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Despite Media, Parents Unaware of Disneyland Measles Outbreak

Despite wide publicity accorded the 2014 to 2015 national outbreak of measles, linked to Disneyland in Orange County, California, many US parents remained unaware of the spate of cases, according to survey results from parents of children aged 5 years and younger. Furthermore, although media coverage of the outbreak raised parents' vaccine awareness and confidence, for some it also heightened concerns about vaccine safety and efficacy, researchers report in an article published in the February issue of Health Affairs.

"In today's crowded communication and media landscapes, individuals have much flexibility and great freedom in the types of information they view; thus, even major public health events are not guaranteed to reach all audiences, including those most in need of the information," write Michael A. Cacciatore, PhD, an assistant professor in the Department of Advertising and Public Relations at Grady College, University of Georgia, Athens, and coauthors.

Parents who were most aware of the outbreak had the highest levels of confidence in and support for immunization mandates; however, they also expressed concerns about vaccine risks.

Using data from two surveys, one conducted before the outbreak (in November to December 2014), and the other after the outbreak (in May to June 2015), the investigators studied parents' confidence in vaccination and intentions to immunize their children in the future, as well as the effect of the measles outbreak on these views. Both surveys had a final sample size of 1000.

In the postoutbreak survey, 52.6% reported at least some degree of awareness of measles cases in the last 4 months, 33.2% reported no awareness, and 13.7 percent responded “don't know.” The latter were excluded from subsequent analyses.

Postoutbreak respondents were classified as having no (mean n = 332), low (mean n = 279), or high (mean n = 244) awareness of the outbreak, with the most aware group more likely to be white and somewhat older and better educated.

Despite heavy media coverage, only about one in four reported reading, hearing, or seeing a great deal about the outbreak and considering themselves to be highly informed about and attentive to it.

"The overall low levels of awareness about the outbreak initially surprised me," Dr Cacciatore told Medscape Medical News. "However, you can reasonably make the case that more than 50% awareness is quite impressive in our current media environment."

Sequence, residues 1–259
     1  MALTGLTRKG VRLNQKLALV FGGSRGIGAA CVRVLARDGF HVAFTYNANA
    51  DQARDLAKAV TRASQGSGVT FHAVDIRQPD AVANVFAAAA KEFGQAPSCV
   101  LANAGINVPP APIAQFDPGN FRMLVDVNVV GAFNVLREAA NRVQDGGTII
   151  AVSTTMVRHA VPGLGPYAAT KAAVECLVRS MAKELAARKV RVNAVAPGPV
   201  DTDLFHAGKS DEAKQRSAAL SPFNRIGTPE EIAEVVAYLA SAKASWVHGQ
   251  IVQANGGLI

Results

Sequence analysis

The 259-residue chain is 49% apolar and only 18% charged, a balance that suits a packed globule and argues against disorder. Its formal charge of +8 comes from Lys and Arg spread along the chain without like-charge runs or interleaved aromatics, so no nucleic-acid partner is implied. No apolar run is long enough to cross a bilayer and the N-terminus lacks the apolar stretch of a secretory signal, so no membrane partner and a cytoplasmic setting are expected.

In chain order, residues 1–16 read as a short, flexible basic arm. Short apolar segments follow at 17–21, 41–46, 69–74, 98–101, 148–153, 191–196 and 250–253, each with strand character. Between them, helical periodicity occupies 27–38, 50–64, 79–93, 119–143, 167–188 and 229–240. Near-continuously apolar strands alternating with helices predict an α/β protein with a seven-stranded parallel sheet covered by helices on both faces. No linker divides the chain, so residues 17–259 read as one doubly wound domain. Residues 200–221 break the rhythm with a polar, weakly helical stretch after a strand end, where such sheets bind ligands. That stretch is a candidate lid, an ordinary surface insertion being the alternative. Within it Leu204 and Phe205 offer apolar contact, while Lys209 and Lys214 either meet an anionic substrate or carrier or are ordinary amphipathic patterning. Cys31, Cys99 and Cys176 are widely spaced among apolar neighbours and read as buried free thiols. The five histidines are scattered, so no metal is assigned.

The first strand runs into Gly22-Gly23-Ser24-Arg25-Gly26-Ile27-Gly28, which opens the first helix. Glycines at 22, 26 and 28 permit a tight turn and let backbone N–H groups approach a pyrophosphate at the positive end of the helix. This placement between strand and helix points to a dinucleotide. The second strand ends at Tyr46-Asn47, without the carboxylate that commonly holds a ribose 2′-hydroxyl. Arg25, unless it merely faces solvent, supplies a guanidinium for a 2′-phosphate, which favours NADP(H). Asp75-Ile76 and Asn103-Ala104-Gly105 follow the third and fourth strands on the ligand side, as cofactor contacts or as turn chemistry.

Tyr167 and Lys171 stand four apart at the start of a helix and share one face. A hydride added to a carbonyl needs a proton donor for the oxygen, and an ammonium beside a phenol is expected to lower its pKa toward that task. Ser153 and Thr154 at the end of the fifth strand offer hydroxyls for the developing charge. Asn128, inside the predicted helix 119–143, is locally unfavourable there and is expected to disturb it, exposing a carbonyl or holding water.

However, the heightened concerns about vaccine safety and efficacy were not particularly unexpected, said Dr Cacciatore. "That some may have encountered information that framed the outbreak as an example of vaccines' failure to prevent an illness doesn't surprise me, especially if people are searching for their information online," he explained.

Between the two polls, the vaccine concerns scale (1 - 10) went from a score of 5.29 overall preoutbreak to postoutbreak scores of 6.12 in the no-awareness group, 4.60 in the low-awareness group, and 5.77 in the high-awareness group.

"This suggests a trend toward growing skepticism about childhood vaccinations and that different groups followed and interpreted the issue differently," said Dr Cacciatore. "We suspect that the low-awareness respondents paid only cursory attention to the outbreak because they are largely a group of strong vaccine proponents. Their need for information is limited because their minds are made up."

In contrast, the high-awareness group appeared to consist of both strong opponents and proponents of vaccines, "groups that became even further entrenched in such attitudes postoutbreak."

There were relatively small differences in parents' vaccine-related intentions pre- and postoutbreak. In the preoutbreak poll, 76.8% planned to have their children receive all vaccinations. Postoutbreak, the most aware parents exhibited more confidence in immunization and more support for vaccination mandates, with 76.2% intending to have their children receive all recommended vaccines compared with 64.9% in those who had no awareness. Among low-awareness parents, the "minds made up" group, the proportion was a bit higher, at 83.5%.

Knowledge of the outbreak had largely positive effects on vaccine attitudes and behaviors, said Dr Cacciatore. "But while the outbreak correlated with overall higher levels of reported confidence and lower levels of reported concern, this pattern was not consistent. We found heightened concerns and even increased intentions to not vaccinate among some parents who closely followed the outbreak."

The outbreak prompted the American Academy of Pediatrics to release updated measles guidelines in February 2015.

This study was funded by the Grady College of Journalism and Mass Communication at the University of Georgia. The authors have disclosed no relevant financial relationships.

SOURCE:

Despite Media, Parents Unaware of Disneyland Measles Outbreak. Medscape. Feb 10, 2016.

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References
SOURCE:

Despite Media, Parents Unaware of Disneyland Measles Outbreak. Medscape. Feb 10, 2016.

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